A new partnership between the Gulf of Mexico Alliance and members of the Southern Association of Agricultural Experiment Station Directors (SAAESD) and Association of Southern Region Extension Directors (ASRED) will expand efforts to balance agricultural needs with improved water quality.  The Alliance is a regional partnership of the five U.S. Gulf Coast States, numerous federal agencies, academia and non-governmental organizations.  SAAESD and ASRED include Agricultural Experiment Stations and Cooperative Extension Services of the southern states from Virginia to Oklahoma.  Those participating in the Alliance are:

Alabama Cooperative Extension System
Alabama Agricultural Experiment Station
Florida Cooperative Extension Service
Florida Agricultural Experiment Station
Louisiana Cooperative Extension Service
Louisiana Agricultural Experiment Station
Mississippi State University Extension Service
Mississippi Agricultural & Forestry Experiment Station
Texas AgriLife Extension Service
Texas AgriLife Research

Incorporating SAAESD and ASRED members into the Alliance’s active programming and projects creates a gateway for communication regarding innovative agricultural projects in the region that can assist the Alliance in addressing various issues related to the health of Gulf waters.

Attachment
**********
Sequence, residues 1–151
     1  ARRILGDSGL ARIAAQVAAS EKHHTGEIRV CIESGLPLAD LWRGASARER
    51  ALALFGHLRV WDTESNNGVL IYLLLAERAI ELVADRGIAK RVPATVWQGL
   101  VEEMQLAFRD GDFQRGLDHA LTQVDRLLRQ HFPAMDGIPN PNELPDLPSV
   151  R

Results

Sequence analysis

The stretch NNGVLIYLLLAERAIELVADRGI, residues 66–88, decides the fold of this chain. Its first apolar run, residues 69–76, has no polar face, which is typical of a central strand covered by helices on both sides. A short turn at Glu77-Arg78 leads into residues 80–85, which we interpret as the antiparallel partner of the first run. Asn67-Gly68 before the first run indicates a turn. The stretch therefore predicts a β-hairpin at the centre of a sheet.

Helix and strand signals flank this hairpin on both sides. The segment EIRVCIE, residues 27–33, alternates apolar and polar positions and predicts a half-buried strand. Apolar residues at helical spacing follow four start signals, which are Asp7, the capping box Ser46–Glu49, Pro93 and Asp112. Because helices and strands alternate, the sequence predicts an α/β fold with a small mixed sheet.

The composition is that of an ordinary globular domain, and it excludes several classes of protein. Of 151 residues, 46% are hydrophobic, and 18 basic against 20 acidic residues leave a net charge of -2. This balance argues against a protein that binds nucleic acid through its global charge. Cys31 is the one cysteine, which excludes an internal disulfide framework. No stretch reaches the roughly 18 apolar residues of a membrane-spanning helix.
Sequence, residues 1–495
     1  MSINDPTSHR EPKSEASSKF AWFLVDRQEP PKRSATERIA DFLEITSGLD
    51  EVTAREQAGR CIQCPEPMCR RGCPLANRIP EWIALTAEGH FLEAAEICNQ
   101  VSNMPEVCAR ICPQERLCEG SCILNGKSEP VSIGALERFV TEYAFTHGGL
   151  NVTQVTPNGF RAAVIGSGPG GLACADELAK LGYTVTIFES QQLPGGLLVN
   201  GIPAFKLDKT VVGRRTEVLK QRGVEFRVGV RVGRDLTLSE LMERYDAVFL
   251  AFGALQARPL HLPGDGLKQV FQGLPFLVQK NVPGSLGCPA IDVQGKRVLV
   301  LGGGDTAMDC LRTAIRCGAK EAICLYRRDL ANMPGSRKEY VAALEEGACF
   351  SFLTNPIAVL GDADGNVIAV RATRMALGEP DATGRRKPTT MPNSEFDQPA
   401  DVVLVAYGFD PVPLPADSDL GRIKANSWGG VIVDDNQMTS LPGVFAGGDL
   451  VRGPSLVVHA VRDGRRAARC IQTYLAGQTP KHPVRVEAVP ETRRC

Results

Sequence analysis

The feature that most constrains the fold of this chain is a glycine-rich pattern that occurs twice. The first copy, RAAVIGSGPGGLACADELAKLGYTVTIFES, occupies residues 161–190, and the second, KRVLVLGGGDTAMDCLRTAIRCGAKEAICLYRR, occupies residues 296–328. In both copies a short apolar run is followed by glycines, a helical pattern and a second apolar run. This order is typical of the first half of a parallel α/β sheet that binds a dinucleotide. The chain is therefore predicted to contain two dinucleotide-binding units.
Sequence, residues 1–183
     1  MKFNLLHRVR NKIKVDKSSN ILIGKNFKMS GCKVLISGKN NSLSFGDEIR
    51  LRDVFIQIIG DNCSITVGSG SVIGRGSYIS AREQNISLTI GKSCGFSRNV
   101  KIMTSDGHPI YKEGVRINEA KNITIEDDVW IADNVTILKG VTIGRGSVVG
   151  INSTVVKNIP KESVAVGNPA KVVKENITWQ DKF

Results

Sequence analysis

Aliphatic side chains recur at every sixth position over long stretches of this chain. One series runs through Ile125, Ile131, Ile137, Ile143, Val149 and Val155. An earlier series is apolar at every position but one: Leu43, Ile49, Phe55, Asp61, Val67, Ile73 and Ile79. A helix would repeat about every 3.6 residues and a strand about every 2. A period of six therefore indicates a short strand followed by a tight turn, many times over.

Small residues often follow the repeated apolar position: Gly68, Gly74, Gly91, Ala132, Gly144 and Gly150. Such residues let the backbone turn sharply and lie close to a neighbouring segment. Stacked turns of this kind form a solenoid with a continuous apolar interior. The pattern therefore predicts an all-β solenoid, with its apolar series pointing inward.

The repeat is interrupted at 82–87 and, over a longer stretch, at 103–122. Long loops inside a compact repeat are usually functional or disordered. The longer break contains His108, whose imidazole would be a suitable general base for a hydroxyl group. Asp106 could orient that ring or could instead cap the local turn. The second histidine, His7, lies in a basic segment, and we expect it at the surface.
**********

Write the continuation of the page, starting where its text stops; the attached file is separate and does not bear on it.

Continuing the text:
Integration Workshop in Mexico is Successful

March 25, 2011

GOMA's HCRT hosted the first international workshop on integration efforts in Veracruz, Mexico in October. Addressing one of the HCRT's primary Action Items in the APII, habitat experts from both the U.S. and Mexico worked together for two days to identify common issues and ways to tackle those issues collaboratively. As a result of the workshop, two workgroups were established to determine potential pilot projects. The workgroups will focus on sediment management, sea level rise and education as well as the legal framework of policy and management issues. Future workshops will address funding, landuse planning and technology.

Congratulations to the HCRT for a job well done! For more information about HCRT activities, contact the HCRT Coordinator, Ryan Fikes, at (361) 882-3939 or email at ryan@gulfmex.org.



Mississippi Homeowner Handbooks now available!

March 25, 2011